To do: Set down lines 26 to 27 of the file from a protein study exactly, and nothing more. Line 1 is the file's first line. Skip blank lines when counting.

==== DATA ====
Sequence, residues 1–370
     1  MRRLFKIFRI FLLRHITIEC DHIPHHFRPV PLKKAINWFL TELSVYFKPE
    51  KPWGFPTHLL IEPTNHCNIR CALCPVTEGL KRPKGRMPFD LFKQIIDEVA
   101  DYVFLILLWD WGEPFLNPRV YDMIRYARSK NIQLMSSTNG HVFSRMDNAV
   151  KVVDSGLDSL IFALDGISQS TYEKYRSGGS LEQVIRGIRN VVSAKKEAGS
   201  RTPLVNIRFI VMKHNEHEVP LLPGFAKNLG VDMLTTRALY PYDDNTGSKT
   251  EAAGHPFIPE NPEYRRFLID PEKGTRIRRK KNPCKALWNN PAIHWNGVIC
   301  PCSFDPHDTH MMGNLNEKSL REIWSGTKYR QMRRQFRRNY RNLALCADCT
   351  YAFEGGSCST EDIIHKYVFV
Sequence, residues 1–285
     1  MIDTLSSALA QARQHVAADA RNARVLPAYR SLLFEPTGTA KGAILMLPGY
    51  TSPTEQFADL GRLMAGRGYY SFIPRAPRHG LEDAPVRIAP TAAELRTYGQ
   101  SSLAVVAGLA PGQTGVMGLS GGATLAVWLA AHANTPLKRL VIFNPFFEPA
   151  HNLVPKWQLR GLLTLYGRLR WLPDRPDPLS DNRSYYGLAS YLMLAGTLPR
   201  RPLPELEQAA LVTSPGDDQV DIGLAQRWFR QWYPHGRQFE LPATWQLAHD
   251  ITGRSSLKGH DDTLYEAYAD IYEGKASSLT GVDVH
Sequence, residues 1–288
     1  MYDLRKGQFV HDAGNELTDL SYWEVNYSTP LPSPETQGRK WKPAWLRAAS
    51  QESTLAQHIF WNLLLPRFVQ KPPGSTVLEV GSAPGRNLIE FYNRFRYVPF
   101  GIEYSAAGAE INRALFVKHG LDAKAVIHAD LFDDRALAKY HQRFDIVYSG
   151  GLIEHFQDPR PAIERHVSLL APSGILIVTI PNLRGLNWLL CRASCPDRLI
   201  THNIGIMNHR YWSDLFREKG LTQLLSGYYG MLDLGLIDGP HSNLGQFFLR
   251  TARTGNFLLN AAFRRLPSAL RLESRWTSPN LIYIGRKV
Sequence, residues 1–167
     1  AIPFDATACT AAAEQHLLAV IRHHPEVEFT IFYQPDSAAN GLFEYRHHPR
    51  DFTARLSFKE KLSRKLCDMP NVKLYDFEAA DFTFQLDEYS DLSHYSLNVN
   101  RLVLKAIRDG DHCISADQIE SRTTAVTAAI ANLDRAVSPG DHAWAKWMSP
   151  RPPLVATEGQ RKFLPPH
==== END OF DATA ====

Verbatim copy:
    51  DFTARLSFKE KLSRKLCDMP NVKLYDFEAA DFTFQLDEYS DLSHYSLNVN
   101  RLVLKAIRDG DHCISADQIE SRTTAVTAAI ANLDRAVSPG DHAWAKWMSP